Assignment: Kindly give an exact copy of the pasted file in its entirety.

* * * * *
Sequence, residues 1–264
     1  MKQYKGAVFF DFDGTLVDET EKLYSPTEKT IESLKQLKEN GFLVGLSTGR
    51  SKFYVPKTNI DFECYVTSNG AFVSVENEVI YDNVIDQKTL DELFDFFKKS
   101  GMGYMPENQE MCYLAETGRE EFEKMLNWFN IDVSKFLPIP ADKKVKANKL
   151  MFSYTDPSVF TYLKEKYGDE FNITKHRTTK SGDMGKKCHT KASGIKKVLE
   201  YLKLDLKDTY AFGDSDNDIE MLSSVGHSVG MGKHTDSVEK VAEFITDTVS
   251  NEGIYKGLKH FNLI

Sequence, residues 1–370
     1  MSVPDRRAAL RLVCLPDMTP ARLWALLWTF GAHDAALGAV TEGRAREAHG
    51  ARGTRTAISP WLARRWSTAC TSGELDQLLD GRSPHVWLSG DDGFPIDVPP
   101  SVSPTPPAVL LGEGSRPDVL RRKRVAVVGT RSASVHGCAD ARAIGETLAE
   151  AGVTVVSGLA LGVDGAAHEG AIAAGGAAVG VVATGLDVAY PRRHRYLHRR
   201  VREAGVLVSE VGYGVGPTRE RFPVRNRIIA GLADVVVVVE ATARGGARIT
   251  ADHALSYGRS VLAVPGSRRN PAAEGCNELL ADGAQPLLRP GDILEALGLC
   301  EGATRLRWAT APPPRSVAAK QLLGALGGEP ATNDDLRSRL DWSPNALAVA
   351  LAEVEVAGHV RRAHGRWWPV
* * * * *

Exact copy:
Sequence, residues 1–264
     1  MKQYKGAVFF DFDGTLVDET EKLYSPTEKT IESLKQLKEN GFLVGLSTGR
    51  SKFYVPKTNI DFECYVTSNG AFVSVENEVI YDNVIDQKTL DELFDFFKKS
   101  GMGYMPENQE MCYLAETGRE EFEKMLNWFN IDVSKFLPIP ADKKVKANKL
   151  MFSYTDPSVF TYLKEKYGDE FNITKHRTTK SGDMGKKCHT KASGIKKVLE
   201  YLKLDLKDTY AFGDSDNDIE MLSSVGHSVG MGKHTDSVEK VAEFITDTVS
   251  NEGIYKGLKH FNLI

Sequence, residues 1–370
     1  MSVPDRRAAL RLVCLPDMTP ARLWALLWTF GAHDAALGAV TEGRAREAHG
    51  ARGTRTAISP WLARRWSTAC TSGELDQLLD GRSPHVWLSG DDGFPIDVPP
   101  SVSPTPPAVL LGEGSRPDVL RRKRVAVVGT RSASVHGCAD ARAIGETLAE
   151  AGVTVVSGLA LGVDGAAHEG AIAAGGAAVG VVATGLDVAY PRRHRYLHRR
   201  VREAGVLVSE VGYGVGPTRE RFPVRNRIIA GLADVVVVVE ATARGGARIT
   251  ADHALSYGRS VLAVPGSRRN PAAEGCNELL ADGAQPLLRP GDILEALGLC
   301  EGATRLRWAT APPPRSVAAK QLLGALGGEP ATNDDLRSRL DWSPNALAVA
   351  LAEVEVAGHV RRAHGRWWPV